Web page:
Many employers believe that “assistive animals” are limited to service dogs for the visually or hearing impaired. What if an employee wants to bring a chinchilla, snake, or ferret to work for “emotional support?” Under state and federal regulations, employers may have to allow these and other animals in the workplace as a “reasonable accommodation” for disabled employees.
What Are “Assistive Animals”?
The Department of Fair Employment and Housing’s (DFEH) new regulations addressing disability discrimination issues contain several references to “assistive animals.” An “assistive animal” means any animal “necessary as a reasonable accommodation for a person with a disability.” These may include a “guide” dog trained to aid the blind or visually impaired, a “signal” dog trained to alert a deaf or hearing impaired individual to sounds, or a “service” animal trained to the particular needs of the disabled individual. Assistive animals may also include a “support” animal “that provides emotional or other support to a person with a disability,” such as employees with traumatic brain injuries or mental disabilities like major depression. The regulations do not limit “service” or “support” animals to dogs.
The federal American With Disabilities Act (“ADA”) imposes similar requirements. In May 2013, the federal Equal Employment Opportunity Commission (EEOC) issued new guidance on providing reasonable accommodations to individuals with specific disabilities such as cancer, diabetes, epilepsy, and intellectual disabilities. The EEOC explained that employers may be required to grant epileptic employees permission to bring service animals to work as a reasonable accommodation. The EEOC’s new guidance broadly defines “service animals” as any animal “trained to perform tasks for individuals with disabilities,” such as guiding the blind, alerting people who are deaf, pulling wheelchairs, alerting and protecting a person who is having a seizure, or “performing other special tasks.” The definition is not limited to dogs. Nor does it exclude any specific type of animal. The EEOC does not state what constitutes “performing other special tasks.” Presumably, this may include animals trained to provide emotional support to employees with mental disabilities. The EEOC’s new guidance can be found at: http://www.eeoc.gov/laws/types/disability.cfm.
Limitations on Allowing Animals at Work
So, must employers allow their employees to bring the family pet to work? Not necessarily. As with any accommodation, the assistive animal must be medically necessary and effective at helping the individual perform the essential functions of his or her job. If an employee with a disability asks to bring an assistive animal to work, the employer may ask for a letter from the employee’s healthcare provider stating that the employee has a disability and explaining why he or she requires an assistive animal as a reasonable accommodation (i.e., why the animal is necessary to allow the employee to perform the essential functions of the job). Also, he employer may assert the proposed accommodation would cause an undue hardship, or may engage in an interactive process to determine alternative accommodations.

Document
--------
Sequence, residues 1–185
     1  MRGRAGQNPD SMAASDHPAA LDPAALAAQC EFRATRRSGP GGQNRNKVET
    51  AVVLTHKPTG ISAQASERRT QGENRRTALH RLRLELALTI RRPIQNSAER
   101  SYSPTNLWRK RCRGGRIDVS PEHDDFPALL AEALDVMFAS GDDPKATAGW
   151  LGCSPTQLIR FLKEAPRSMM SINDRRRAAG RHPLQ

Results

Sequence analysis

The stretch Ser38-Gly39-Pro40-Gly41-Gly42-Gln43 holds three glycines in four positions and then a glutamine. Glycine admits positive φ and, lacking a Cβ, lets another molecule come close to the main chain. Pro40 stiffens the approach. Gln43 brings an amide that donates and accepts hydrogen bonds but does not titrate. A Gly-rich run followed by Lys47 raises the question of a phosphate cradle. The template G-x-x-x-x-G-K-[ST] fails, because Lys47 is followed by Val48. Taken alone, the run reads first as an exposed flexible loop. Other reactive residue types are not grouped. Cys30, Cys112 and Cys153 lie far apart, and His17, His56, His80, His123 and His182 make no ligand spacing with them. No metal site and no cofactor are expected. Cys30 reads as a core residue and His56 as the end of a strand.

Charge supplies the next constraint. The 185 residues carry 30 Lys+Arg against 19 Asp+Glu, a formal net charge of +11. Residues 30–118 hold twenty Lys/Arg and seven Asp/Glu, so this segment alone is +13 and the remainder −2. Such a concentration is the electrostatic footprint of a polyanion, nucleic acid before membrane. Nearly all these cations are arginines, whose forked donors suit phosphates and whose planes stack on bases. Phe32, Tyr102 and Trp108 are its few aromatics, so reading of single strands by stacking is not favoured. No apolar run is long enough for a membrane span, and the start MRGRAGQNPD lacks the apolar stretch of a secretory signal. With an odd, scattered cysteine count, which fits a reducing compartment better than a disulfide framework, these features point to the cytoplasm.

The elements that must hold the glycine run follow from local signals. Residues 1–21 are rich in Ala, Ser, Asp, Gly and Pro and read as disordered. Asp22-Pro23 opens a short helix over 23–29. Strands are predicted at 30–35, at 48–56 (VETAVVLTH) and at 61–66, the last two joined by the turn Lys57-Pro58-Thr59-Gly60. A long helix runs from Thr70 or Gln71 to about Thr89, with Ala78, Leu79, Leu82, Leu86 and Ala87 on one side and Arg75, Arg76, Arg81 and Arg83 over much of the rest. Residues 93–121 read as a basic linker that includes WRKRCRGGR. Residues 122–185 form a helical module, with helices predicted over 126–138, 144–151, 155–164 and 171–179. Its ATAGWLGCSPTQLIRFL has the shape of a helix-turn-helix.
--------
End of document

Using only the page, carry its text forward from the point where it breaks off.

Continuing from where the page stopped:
An assistive animal must meet three additional requirements: (1) the animal must be free from offensive odors and demonstrate workplace appropriate habits; (2) the animal must refrain from behavior that poses health or safety risks to the disabled employee or others in the workplace; and (3) the animal must be trained to provide assistance for the employee’s disability. If the assistive animal does not meet these criteria, the employer may refuse to allow the animal in the workplace.
Employers may seek confirmation from the employee requesting the accommodation that the animal meets these requirements. Employers may also challenge whether the animal meets these requirements within the first two weeks the animal is in the workplace with “objective evidence” of the animal’s offensive or disruptive behavior. Finally, employers may require the employee to recertify annually whether he or she still needs an assistive animal at work. California’s new assistive animal regulations can be found here: http://tinyurl.com/k49nax6.
Tips for Employers
According to recent news reports, some individuals are buying fake “credentials” for their pets to qualify them as “service animals.” While certain recognized organizations train and certify “guide” dogs for the sight impaired, there are no standard certifications for “assistive animals” used or emotional support. Nor do the EEOC or DFEH require any such certifications. So, there is an opportunity for abuse, particularly with assistive animals.
However, employers should not dismiss such requests to being assistive animals to work without some analysis. Blanket rules or policies prohibiting all animals in the workplace may be deemed discriminatory on their face. Employers should evaluate each request under the criteria discussed above, ensure a health care provider has authorized the animal, and monitor the animal for disruptive or other behavior disclosing a lack of training.
When in doubt, employers should engage in a good-faith interactive process to obtain documentation of the employee’s disability and the basis for bringing an assistive animal to work. Employers should also discuss whether there are any alternatives (other than an assistive animal) that will aid the employee in performing the essential functions of the job. Employers with questions about how to comply with the new regulations or guidance should seek competent legal advice.